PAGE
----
As I was driving back home after dropping off Kola and Hannah—they both went to the same Montessori school close to Oak Park—I called Aja from the car and offered to take her two short people off her hands instead of having her join us. I was immediately called a saint.
“Jory, I need some me and Dane time.”
“How ’bout I pick Robbie and Gen up next Friday after school and keep them until Sunday morning? We’ll all go to brunch and you can have them back. But that gives you Friday night and all day Saturday. Whaddya say?”
I thought she was going to cry, she was so thankful.
“So is that a yes?”
“Ohmygod, yes, that’s a yes!”
“You’re starting to sound like me.”
“Thank you, baby.”
“What is family for?”
“But you’re the only one I trust.”
“That’s not true.” I smiled into the phone as I turned from the side street I was on into traffic on Harlem Avenue, heading for home. I went maybe ten feet before I and everyone else on the street came to a grinding halt.
“Yes, but since Carmen got her dream job globetrotting around the world and my folks fled to Florida and Alex to Delaware, you and Sam are the only family I’ve got here.”
“You have a lot of other girlfriends,” I told her as I tried to see what the problem was around the SUV in front of me.
“I know, but I would check in with the others, I don’t need to check with you and Sam. He’ll kill anyone that comes near my kids, and you worry more than I do.”
“I don’t worry.”
She snorted out a laugh over the phone.
“That was very undignified,” I said as I leaned back in the driver’s seat of the sleek black minivan I utterly adored. Everyone else I knew had SUVs that were, I was certain, helping to destroy the environment. My minivan was not part of Satan’s master plan, and I loved my car that proclaimed me married with children as well as safety conscious. I was looking forward to Kola starting soccer in the spring so the picture of domestic bliss would be complete. I had a sweater all picked out.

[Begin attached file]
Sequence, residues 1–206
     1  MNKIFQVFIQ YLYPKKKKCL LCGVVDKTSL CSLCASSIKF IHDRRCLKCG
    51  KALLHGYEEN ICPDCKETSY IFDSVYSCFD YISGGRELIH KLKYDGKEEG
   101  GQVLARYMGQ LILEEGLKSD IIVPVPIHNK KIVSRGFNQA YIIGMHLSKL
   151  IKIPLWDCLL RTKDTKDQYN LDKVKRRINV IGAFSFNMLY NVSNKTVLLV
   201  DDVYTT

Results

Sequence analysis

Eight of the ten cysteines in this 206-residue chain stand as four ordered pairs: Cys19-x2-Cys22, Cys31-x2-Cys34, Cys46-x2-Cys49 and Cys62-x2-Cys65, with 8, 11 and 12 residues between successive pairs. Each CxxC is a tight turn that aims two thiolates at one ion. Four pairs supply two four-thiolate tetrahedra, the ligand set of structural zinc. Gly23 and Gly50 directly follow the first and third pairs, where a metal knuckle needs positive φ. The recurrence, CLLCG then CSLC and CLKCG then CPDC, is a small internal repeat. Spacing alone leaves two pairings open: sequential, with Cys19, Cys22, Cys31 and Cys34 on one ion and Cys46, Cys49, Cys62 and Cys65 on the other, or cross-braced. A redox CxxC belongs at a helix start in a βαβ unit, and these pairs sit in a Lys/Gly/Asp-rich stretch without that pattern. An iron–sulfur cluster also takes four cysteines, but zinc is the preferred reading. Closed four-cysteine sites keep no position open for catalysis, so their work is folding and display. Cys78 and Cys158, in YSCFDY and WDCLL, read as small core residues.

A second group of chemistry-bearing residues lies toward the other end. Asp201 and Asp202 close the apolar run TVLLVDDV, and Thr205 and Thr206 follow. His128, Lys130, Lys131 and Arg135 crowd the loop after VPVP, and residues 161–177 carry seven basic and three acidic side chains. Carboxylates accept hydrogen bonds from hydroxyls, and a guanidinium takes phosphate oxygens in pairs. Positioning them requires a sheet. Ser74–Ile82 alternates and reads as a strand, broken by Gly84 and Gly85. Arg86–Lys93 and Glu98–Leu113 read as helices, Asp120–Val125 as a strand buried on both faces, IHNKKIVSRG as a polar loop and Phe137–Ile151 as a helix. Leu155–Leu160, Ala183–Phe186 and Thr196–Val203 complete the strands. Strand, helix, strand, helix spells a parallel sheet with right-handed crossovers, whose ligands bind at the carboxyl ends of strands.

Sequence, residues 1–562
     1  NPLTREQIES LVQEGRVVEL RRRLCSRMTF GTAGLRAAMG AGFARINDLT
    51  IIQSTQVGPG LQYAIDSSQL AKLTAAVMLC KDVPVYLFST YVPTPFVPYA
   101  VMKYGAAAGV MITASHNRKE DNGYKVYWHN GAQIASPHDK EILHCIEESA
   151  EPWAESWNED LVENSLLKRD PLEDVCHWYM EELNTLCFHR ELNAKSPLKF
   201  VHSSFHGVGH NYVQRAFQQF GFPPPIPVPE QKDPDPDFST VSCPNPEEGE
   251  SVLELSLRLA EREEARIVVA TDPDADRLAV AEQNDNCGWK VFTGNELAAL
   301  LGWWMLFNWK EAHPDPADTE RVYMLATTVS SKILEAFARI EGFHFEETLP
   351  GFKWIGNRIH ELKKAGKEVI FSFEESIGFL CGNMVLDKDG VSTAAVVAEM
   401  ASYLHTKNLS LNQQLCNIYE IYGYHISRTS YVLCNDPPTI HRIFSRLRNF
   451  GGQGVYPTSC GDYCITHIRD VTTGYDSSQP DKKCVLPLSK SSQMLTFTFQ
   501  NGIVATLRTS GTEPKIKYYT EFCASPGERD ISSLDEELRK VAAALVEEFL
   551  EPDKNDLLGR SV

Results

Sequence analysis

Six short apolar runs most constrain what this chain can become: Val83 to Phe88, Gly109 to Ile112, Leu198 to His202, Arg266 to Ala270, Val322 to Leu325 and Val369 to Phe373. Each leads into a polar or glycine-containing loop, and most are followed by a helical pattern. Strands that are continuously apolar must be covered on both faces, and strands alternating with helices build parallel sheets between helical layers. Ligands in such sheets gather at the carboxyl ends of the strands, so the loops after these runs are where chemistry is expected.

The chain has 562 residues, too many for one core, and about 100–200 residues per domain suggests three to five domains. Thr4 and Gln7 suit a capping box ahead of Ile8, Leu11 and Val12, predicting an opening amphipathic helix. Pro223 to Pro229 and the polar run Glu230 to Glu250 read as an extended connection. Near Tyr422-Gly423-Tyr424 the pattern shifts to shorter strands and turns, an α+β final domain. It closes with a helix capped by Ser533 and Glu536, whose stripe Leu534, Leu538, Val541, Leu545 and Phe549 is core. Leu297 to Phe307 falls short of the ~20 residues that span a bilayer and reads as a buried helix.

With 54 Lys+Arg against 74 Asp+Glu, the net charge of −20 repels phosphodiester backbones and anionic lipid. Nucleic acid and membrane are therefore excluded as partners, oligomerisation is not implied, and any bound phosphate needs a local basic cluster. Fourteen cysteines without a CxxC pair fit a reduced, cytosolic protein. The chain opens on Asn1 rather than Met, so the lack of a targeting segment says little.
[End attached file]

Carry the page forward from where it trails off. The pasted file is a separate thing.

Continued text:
“You bring it out of me,” Aja cackled.
“Whatever, I’ll call you when I get back from the reunion on Sunday.”
She started snickering.
“Family reunion.” She was laughing now. “Oh the horror!”
“It’ll be fine,” I told her as I noticed a man striding by my window. It was weird that he was walking down the middle of the street and not on the sidewalk, but since we were in gridlock, he was in no danger of getting run over. “Hey, your kids like Mountain Dew and Oreos, right?”
“They’re staying with you for two days. Feed them whatever you want.”